'Armageddon' director Michael Bay on NASA's asteroid deflection test: 'Our plan was not far off'

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'Armageddon' director Michael Bay on NASA's asteroid deflection test: 'Our plan was not far off'

Art imitates life, imitates art, etc.

Armageddon (1998) GETTY

More than two decades ago, Michael Bay made a movie about NASA's last-ditch mission to save humanity by destroying an asteroid hurtling towards Earth. Now, at least a few pieces of the plot of that film are playing out in real time, and Bay's just happy the word's getting out that asteroids hitting the planet really are a thing we might have to worry about. 

Last week, NASA launched its DART (Double Asteroid Redirection Test) mission aboard a SpaceX Falcon 9 rocket, setting in motion a real-life test of a plan several major space agencies around the world have been working through on paper for some time now. The DART craft is essentially a 1,200-pound shooter marble that will hurtle through space, around the Sun, until it collides at speeds of 15,000 miles per hour with an asteroid named Dimorphos. If the plan works, DART will knock Dimorphos off course just enough to make a different, proving that NASA could conceivably do the same thing in the future with an asteroid that might be aimed directly for Earth with the potential to wipe out the planet. 

This is not, of course, what happened in Michael Bay's 1998 film Armageddon, a sci-fi action spectacular in which a team of oil rig workers led by Harry Stamper (Bruce Willis) journeys into space to drill down into the core of an asteroid headed for Earth in order to plant a bomb and blow the whole space rock to pieces. When reached for comment, though, Bay noted that it was among the real-life plans discussed during the making of the wild space adventure.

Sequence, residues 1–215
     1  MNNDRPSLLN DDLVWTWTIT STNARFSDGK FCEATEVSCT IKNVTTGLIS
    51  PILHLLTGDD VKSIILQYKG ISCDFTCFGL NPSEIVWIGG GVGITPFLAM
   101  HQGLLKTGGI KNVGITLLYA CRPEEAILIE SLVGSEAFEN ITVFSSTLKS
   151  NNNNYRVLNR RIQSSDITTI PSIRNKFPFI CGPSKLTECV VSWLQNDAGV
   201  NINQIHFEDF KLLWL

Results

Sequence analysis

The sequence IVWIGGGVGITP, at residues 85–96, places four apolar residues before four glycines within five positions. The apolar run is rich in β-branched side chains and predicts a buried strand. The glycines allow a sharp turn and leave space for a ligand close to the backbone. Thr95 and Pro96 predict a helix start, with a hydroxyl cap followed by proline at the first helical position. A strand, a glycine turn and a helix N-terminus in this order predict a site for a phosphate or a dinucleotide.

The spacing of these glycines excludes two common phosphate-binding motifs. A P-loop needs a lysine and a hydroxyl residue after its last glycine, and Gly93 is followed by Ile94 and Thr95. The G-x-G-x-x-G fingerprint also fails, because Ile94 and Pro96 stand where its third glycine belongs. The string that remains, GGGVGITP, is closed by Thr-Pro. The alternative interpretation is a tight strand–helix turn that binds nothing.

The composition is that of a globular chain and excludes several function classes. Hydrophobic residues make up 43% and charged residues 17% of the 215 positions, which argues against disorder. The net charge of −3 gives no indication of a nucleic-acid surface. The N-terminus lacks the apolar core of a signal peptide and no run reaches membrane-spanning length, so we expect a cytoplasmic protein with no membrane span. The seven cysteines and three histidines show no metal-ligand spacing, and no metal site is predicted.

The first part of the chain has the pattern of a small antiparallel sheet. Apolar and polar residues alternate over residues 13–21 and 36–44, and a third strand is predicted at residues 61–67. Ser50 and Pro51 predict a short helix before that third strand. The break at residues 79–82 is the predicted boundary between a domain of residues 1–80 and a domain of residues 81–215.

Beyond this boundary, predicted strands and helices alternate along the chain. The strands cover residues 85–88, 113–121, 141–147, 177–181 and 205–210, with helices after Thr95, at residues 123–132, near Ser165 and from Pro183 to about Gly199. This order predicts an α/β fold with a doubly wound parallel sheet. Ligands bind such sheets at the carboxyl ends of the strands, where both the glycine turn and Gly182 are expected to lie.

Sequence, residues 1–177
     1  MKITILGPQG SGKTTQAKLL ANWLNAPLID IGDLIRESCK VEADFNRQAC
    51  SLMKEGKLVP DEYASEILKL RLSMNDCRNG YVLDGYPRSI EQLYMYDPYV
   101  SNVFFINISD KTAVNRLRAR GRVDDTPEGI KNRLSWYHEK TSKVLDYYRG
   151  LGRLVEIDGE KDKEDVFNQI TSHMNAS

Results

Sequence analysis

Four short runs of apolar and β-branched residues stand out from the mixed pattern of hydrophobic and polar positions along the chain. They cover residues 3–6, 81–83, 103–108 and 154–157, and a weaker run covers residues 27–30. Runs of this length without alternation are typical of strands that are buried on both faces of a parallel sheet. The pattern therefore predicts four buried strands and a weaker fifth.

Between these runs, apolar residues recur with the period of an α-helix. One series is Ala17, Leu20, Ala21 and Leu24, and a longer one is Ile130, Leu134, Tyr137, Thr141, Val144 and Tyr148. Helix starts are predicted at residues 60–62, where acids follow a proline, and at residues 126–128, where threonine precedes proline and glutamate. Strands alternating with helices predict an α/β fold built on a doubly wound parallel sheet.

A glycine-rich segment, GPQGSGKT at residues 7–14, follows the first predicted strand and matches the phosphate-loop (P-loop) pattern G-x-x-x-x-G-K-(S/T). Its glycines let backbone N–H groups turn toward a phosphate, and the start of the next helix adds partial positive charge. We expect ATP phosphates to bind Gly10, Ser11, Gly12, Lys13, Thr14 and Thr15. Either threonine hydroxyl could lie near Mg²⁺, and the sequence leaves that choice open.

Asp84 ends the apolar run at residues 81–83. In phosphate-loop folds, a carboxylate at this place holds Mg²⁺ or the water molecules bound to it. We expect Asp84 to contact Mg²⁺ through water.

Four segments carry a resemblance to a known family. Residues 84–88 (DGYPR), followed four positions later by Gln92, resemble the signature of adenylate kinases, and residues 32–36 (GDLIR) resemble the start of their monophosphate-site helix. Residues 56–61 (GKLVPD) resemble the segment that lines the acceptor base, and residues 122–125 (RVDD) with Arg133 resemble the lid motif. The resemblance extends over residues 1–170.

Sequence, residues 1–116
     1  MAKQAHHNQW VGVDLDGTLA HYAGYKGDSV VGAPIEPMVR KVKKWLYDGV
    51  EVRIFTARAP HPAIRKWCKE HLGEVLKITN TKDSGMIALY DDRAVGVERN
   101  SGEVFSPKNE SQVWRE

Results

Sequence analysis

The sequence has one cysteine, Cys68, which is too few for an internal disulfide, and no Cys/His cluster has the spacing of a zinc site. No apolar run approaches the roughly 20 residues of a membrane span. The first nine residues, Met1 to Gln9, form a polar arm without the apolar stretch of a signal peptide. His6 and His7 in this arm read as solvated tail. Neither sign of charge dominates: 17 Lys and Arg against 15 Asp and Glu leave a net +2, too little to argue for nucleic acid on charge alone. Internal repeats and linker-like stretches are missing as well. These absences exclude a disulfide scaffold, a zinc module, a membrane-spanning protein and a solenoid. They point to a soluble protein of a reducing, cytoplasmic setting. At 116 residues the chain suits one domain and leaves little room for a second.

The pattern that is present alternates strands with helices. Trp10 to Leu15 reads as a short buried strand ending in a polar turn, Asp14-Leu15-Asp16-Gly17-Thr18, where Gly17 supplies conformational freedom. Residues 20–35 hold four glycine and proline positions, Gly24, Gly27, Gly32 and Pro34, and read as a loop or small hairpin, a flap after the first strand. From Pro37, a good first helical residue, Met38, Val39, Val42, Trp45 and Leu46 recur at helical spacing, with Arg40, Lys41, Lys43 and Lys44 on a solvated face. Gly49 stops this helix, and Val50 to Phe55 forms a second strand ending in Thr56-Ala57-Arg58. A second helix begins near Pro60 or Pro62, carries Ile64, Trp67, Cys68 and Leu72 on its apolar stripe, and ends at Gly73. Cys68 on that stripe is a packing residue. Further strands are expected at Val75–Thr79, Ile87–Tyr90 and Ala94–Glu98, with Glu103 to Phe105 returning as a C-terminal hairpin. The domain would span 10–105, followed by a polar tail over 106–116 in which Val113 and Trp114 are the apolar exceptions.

“Our plan was not far off,” Bay told The Wrap. “Thank God they’re doing something because these things (asteroids), they’re lethal. They come in 24,000 miles an hour, if I remember correctly — it’s an airburst to the ground.”

In the film, as NASA scrambles to come up with a plan to stop the asteroid with less than three weeks until impact, a number of plans are discussed, including the idea that the U.S. government fire a number of nuclear missiles at the rock to either completely obliterate it or at least knock it off course. Dr. Ronald Quincy (Jason Isaacs) explains why that won't work with the film's asteroid by using the analogy of a firecracker in the palm of your hand versus a firecracker in a closed fist. Bay, of course, noted that the DART plan is "not sending in an oil-drilling team, but our plan was not far off where they send a craft to nudge it, either with a nuke or whatever, they just have to nudge it. They had a bunch of stuff we mentioned in the movie that were real plans that are on the table.”

Of course, in reality, DART's mission to target Dimorphos is not a planet-saving endeavor, because the asteroid isn't headed right for Earth. Instead, it's simply a test of whether or not the plan will make a difference at all, so it can be added to NASA's bag of tricks should the need ever arise.

“We’re doing this work and testing this DART capability before we need it,” Lindley Johnson, NASA’s chief of planetary defense, told The New York Times. “We don’t want to be flying an untested capability when we’re trying to save a population on the Earth’s surface.”

Mimi Leder, the director of rival asteroid-versus-humanity film Deep Impact, has not yet weighed in. 

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